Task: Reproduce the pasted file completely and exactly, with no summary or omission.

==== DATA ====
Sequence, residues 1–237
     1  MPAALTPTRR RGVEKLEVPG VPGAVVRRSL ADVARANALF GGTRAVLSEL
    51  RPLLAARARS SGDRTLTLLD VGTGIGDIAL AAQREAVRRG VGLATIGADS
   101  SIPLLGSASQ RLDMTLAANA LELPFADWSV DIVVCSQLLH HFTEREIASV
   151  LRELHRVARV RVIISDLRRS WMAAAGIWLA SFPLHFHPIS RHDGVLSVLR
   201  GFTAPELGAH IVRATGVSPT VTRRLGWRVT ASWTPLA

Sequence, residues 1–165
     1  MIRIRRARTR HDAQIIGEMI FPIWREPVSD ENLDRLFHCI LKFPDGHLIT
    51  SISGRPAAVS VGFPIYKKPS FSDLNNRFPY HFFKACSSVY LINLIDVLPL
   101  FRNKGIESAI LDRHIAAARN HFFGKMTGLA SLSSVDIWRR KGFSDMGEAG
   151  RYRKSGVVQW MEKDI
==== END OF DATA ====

Sequence, residues 1–237
     1  MPAALTPTRR RGVEKLEVPG VPGAVVRRSL ADVARANALF GGTRAVLSEL
    51  RPLLAARARS SGDRTLTLLD VGTGIGDIAL AAQREAVRRG VGLATIGADS
   101  SIPLLGSASQ RLDMTLAANA LELPFADWSV DIVVCSQLLH HFTEREIASV
   151  LRELHRVARV RVIISDLRRS WMAAAGIWLA SFPLHFHPIS RHDGVLSVLR
   201  GFTAPELGAH IVRATGVSPT VTRRLGWRVT ASWTPLA

Sequence, residues 1–165
     1  MIRIRRARTR HDAQIIGEMI FPIWREPVSD ENLDRLFHCI LKFPDGHLIT
    51  SISGRPAAVS VGFPIYKKPS FSDLNNRFPY HFFKACSSVY LINLIDVLPL
   101  FRNKGIESAI LDRHIAAARN HFFGKMTGLA SLSSVDIWRR KGFSDMGEAG
   151  RYRKSGVVQW MEKDI